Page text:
Soulful Travel: Taylor Mountain

For generations, Sonoma County has been a place where people have paused to reflect on their surroundings. Once you pause, you can more clearly see, feel and enjoy the effect of your travel experiences that come as a result of that pause.

 Here we help you have that experience at Taylor Mountain Regional Park and Open Space Preserve.

Taylor Mountain

Climb E’vry Mountain, Starting with This One

Forests are there to get lost in, rivers are meant to be crossed, and deserts make you wander for 40 days and nights. All the terrains on this lovely blue marble play a dramatic role in world mythology, and towering over all of them – quite literally – is the figure of the mountain. Whether it’s Mount Meru in Hinduism, Mount Sinai in the Judaic tradition, or the Five Sacred Mountains of ancient China, the mountain is the guardian of inaccessible knowledge. 

Inaccessible, that is, to everyone but the hero determined to climb it. 

Mountains hover in a twilit realm between Earth and the heavens, and as symbols of stability, were said to hide timeless truths about the eternal laws and principles that govern the ever-changing world below. Anyone searching for a dream – as in the song “Climb E’vry Mountain” from “The Sound of Music” – will have many arduous challenges ahead of them, but if they solider on, they’ll eventually find the answer they seek. Knock and the door will be opened, runs the old saying; or, in this case, climb and the knowledge will come. And in Santa Rosa, the perfect spot for such a metaphorical adventure is Taylor Mountain, the apex of Sonoma County. 

Taylor Mountain

Part of the Sonoma County Regional Parks system, Taylor Mountain Regional Park and Open Space Preserve is a relatively new addition to the North Bay’s sterling portfolio of inspiring nature spots. Seven miles of trails for hiking and biking culminate at the mountain’s summit, a 1,100-foot elevation gain. Along the way are less-strenuous ascents that wind through rolling hills, an 18-hole disc golf course, and grazing cattle.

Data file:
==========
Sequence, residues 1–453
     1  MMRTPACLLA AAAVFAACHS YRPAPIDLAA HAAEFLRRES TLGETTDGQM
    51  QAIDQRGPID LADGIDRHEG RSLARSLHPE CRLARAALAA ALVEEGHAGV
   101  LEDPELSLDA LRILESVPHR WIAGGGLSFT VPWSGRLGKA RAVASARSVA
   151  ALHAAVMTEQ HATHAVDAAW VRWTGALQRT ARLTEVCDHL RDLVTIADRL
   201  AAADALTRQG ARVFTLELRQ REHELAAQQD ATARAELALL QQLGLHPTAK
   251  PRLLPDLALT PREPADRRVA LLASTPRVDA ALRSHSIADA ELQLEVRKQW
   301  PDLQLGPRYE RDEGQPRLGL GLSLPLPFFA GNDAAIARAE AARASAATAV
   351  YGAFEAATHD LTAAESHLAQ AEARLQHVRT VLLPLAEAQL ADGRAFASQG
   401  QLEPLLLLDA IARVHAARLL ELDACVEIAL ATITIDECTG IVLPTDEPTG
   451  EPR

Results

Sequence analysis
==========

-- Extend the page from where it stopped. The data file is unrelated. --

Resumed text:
Hikers desiring a nature excursion without the leg burn can opt for the relatively flat Todd Creek Trail, but those seeking to challenge themselves by scaling the heights of this great mythological symbol will find several routes requiring varying degrees of exertion. Going for the summit is a great challenge to set, but if you’re more inclined, shall we say, to a metaphoric mountain climb, we suggest parking in the lot located on Petaluma Hill Road. From there, take the Red Tail trail entrance on the right. The steepness levels off after about a 15-minute climb, becoming more gradual and offering forks in the road with various loops depending on how high you want to go. A reasonable mid-exertion hike takes you to a surprising grassy plateau nestled between the hills, which is green in the rainy season and brings a rewarding sense of having traversed past rocks and wrangled oak trees to reach a fertile grassy sanctuary. 

To get there, just remember a certain determined little guy nobody thought could climb a mountain, and who proved the naysayers wrong. 

Taylor Mountain

“The Little Engine That Could” is a children’s tale dating from the dawn of the 20th century, becoming an American classic in the 1930s. In the story, a train stalls on a mountain pass. When large locomotives refuse to help, a small engine rises to the challenge, despite the heavy load and steep incline. In doing so, it transcends itself in a miraculous act of strength and determination. Suffice it to say, when the engine came back down, it wasn’t so little anymore.